The court said that for either sufficiency or inventive step there is no requirement to demonstrate the technical effect with experimental data in the patent specification, as long as such technical effect is specified in the patent and plausible.

The Court also said that when that is the case, external evidence, for example internal studies performed before the application date or post-published evidence, can then be taken into account to confirm that the technical effect does exist, so as to demonstrate there has been an inventive step.

On obviousness, the court shared the views of the EPO and said that that there were too many factors and other routes and solutions to consider in relation to low oral bioavailability issues and that the NanoCrystal technology had not been explored enough for the skilled person to try that solution with a reasonable expectation of success.

It further held that general allegations made about the potential capabilities of the NanoCrystal technology by its proprietors in advertising were not specific enough or sufficiently supported by data to be considered as particularly relevant by the skilled person.

The Decision

Ethypharm pursued its case against the validity of MSD's patent before the Paris Court of Appeal. On 29 October, the court overturned the earlier ruling of the Paris Court of First Instance and revoked the patent. It determined that while MSD's patent claims were plausible and sufficiently disclosed, they were obvious.

On plausibility, the Court of Appeal focused on the insufficiency argument and considered the standard set by the French Supreme Court in 2017 in the MSD v Teva case on finasteride. It had said that while a clinical demonstration is not required, the specification must at least include some evidence relating to the therapeutic effect. However, the Court of Appeal said this test was for second medial use claims and did not directly apply in this case as it concerned product claims.

The Paris Court of Appeal said: "The condition of sufficiency of disclosure does not require a clinical demonstration of the alleged therapeutic effect, however when obtaining such therapeutic effect is a functional technical feature of the claim and the claim is on a second therapeutic use of a product or composition the patent application must directly and unambiguously reflect the claimed therapeutic use. This being said, it is not always necessary for the patent specification to include tests; such condition is not required for product claims."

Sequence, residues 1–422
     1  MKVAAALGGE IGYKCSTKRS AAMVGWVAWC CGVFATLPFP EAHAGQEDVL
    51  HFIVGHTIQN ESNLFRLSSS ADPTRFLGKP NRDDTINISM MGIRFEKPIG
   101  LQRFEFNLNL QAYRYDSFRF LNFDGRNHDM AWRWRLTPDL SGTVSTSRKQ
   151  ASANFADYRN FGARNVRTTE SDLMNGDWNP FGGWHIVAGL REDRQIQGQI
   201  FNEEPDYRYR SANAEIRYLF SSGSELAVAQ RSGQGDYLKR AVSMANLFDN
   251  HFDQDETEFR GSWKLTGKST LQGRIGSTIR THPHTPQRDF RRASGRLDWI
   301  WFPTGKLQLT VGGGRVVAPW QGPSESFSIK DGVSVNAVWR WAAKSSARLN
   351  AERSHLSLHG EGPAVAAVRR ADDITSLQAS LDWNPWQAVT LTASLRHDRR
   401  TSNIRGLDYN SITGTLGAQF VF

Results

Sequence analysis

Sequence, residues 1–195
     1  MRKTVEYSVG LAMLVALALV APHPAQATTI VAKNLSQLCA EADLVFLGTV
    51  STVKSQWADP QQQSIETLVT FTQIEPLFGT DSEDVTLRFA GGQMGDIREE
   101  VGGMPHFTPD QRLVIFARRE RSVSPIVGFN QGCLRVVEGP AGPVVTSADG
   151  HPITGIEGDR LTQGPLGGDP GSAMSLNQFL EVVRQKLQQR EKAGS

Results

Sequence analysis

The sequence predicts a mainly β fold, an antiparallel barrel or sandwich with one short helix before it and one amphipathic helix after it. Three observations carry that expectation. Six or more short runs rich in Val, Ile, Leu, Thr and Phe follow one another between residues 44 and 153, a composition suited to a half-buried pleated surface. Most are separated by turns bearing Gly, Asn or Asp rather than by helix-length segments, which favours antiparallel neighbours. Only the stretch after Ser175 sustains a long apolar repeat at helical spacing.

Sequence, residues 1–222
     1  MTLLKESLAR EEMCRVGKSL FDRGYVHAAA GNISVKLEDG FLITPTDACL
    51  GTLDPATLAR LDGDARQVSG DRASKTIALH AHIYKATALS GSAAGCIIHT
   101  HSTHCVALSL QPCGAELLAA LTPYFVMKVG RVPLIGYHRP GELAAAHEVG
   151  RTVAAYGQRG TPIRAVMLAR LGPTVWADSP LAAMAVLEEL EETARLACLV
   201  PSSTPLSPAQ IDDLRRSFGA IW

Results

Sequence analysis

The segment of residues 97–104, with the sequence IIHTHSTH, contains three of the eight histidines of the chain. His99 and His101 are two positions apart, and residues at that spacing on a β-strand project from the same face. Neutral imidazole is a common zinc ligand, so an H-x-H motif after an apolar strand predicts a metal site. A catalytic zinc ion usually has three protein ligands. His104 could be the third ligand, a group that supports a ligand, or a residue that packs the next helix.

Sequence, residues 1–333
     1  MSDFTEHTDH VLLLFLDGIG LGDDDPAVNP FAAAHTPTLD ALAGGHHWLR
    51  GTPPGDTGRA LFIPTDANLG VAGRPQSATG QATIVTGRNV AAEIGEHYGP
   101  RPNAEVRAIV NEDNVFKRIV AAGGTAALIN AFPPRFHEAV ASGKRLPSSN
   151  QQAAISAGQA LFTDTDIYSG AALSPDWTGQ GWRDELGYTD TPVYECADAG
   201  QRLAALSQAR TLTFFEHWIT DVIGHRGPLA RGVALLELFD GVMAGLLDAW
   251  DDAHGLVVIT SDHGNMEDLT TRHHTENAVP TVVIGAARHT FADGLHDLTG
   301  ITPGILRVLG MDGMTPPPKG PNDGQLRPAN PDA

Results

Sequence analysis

The Court of Appeal then agreed with the first instance judges that the prior art disclosure relating to the NanoCrystal technology as a solution to improve the bioavailability of poorly soluble products, which is cited in MSD's patent, made it plausible that such solution would be effective on aprepitant. It said that the skilled person would not be prevented from carrying out the invention just because the specification did not include experimental data showing an actual improvement of bioavailability on aprepitant.

On obviousness, the Court of Appeal applied the EPO’s “obvious to try” test, which has only been used in a very limited number of cases in France. The Court of Appeal said: "It is necessary to determine whether the skilled person facing the technical problem to be solved at the [priority date], and in view of the prior art, would be prompted to try the solution proposed by the invention with a reasonable expectation of success, and would have reached the invention."

When applying the test in this case, the Court of Appeal seems to have used a lower threshold than the EPO and the first instance judges. It considered the general statements made about the NanoCrystal technology being applicable to potentially any poorly soluble product, together with the few specific examples disclosed in the prior art, as rendering it obvious for the skilled person to try that solution on aprepitant, even though other solutions were available.

In other words, the Court of Appeal found the invention so plausible that it was obvious.